receiving a copy of the record—which he describes as more mellow and contemplative, like Belle & Sebastian and even, yes, Death Cab—he was impressed enough to invite the band aboard. Plans call for a release sometime early next year. . . . After news of the Breeders' Kim 'n Kelly Deal making a guest appearance on Buffy the Vampire Slayer, we weren't so surprised to hear that the Go-Gos are also on the TV beat, having just recorded the theme song to the soon-to-debut WB show Do Over—a.k.a. "the ultimate wish- fulfillment comedy!" Many Go-Gos fans may beg to differ, having already had their ultimate wish granted when Belinda Carlisle posed nude last year for a (freakily airbrushed) Playboy spread. . . . Eccentric rock couple No. 493: Guns 'n Roses have—following last week's headline appearance at the Leeds festival in England—asked (via Axl Rose's special request) Weezer to open for their London show, and the band has accepted. Oh, what we wouldn't give to be a fly on the wall at the Rivers/Axl meet-and-greet. . . . Speaking of London, those British theater folks have shown they have quite the appreciation for Method acting. They're currently in talks with Courtney Love to have the actress/ singer/professional plaintiff star in Shakespeare's classic play MacBeth this fall, as, of course, Lady MacBeth—one of the most famous harridans in the history of literature. Love will have to recover quickly from a recent alleged eye and face lift if she wants to tread those fancy boards. . . . And in our final Brit bit, the land that brought us American Idol (known as Pop Idol there) is now looking to steal a good idea right back—Duran Duran's Simon Le Bon and his brood are reportedly front-runners for an upcoming Osbournes- inspired rock-star "reality" series. . . . In case you're just not getting enough White Stripes news from us (and we work our fingers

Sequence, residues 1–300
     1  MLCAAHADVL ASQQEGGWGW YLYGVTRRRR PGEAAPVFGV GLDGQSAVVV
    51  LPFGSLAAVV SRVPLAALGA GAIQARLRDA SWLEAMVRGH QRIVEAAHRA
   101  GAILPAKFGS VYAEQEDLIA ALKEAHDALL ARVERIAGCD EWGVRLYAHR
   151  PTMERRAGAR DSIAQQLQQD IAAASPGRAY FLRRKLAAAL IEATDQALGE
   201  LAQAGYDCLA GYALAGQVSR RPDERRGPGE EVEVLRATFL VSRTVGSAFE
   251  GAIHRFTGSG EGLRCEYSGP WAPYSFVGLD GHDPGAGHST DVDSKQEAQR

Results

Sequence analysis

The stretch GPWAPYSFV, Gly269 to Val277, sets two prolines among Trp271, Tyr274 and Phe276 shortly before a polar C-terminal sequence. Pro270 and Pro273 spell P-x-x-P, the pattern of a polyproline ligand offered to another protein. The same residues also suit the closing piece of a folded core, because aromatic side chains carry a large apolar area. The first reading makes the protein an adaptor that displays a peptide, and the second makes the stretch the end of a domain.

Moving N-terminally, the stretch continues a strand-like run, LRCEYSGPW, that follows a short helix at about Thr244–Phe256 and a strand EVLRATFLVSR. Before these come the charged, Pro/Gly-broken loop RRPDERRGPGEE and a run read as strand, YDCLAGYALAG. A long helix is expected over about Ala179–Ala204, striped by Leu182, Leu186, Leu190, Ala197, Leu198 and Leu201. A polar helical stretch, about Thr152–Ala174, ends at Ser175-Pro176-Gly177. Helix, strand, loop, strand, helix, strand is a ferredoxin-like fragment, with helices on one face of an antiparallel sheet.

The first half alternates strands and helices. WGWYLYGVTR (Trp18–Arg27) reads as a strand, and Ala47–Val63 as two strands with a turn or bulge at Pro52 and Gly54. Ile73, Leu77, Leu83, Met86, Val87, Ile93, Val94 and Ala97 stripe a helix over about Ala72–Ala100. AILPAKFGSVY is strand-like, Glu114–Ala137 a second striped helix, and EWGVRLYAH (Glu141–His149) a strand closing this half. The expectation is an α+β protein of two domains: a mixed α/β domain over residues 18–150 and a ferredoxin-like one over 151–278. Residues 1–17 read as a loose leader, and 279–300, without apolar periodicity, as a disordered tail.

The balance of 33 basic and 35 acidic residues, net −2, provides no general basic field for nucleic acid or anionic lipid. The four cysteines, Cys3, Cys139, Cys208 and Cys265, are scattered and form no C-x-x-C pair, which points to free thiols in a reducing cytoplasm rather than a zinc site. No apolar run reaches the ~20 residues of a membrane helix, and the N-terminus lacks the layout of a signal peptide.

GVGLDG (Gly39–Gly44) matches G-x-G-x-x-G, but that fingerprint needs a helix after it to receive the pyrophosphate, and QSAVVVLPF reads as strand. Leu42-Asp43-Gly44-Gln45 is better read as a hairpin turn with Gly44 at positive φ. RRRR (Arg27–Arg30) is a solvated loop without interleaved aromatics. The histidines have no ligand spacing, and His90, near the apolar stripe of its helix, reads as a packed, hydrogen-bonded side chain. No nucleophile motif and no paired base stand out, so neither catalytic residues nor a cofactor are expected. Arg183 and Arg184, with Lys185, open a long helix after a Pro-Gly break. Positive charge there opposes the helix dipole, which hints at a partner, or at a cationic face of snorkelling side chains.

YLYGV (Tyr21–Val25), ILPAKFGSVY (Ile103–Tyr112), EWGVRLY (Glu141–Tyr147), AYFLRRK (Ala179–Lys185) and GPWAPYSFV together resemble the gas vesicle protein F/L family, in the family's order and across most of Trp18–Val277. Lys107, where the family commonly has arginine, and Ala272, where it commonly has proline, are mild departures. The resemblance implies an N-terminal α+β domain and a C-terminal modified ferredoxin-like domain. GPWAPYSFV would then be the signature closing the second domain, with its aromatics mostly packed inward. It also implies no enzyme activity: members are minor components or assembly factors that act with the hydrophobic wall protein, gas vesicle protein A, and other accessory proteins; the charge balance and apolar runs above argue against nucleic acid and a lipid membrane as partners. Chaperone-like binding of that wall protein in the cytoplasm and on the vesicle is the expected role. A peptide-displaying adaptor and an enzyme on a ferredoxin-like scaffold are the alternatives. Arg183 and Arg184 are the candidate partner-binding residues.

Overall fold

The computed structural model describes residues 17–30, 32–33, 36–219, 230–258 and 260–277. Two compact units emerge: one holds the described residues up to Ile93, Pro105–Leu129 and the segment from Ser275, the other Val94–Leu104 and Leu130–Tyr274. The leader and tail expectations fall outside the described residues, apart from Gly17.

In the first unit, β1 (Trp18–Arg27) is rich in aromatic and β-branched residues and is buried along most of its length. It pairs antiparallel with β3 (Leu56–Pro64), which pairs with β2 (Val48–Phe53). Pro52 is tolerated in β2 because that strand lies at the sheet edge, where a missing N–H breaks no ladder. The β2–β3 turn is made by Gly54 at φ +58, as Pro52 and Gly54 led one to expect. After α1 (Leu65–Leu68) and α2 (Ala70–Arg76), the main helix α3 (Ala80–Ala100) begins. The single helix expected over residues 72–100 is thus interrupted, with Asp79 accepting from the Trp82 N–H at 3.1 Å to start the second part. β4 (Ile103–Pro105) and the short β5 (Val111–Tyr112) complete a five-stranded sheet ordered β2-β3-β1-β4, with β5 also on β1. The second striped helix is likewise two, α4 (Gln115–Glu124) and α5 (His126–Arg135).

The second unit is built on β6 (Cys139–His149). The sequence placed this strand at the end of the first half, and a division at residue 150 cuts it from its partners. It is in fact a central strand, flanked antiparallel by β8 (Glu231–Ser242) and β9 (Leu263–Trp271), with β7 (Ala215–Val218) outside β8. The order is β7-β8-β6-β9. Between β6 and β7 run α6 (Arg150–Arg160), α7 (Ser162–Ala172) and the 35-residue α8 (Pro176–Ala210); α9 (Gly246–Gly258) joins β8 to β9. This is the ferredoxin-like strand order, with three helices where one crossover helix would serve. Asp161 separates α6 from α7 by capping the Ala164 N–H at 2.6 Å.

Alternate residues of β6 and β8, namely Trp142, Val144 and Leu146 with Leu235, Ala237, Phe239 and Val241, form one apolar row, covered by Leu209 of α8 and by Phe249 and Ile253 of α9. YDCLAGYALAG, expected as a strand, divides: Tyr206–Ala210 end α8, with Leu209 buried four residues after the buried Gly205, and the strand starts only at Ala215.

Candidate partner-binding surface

to the bone for you!), know that next month's issue of Spin will feature Jack and Meg on the cover with our all-time favorite rock-star accessory—a tricked-out little monkey (R.I.P., Bubbles).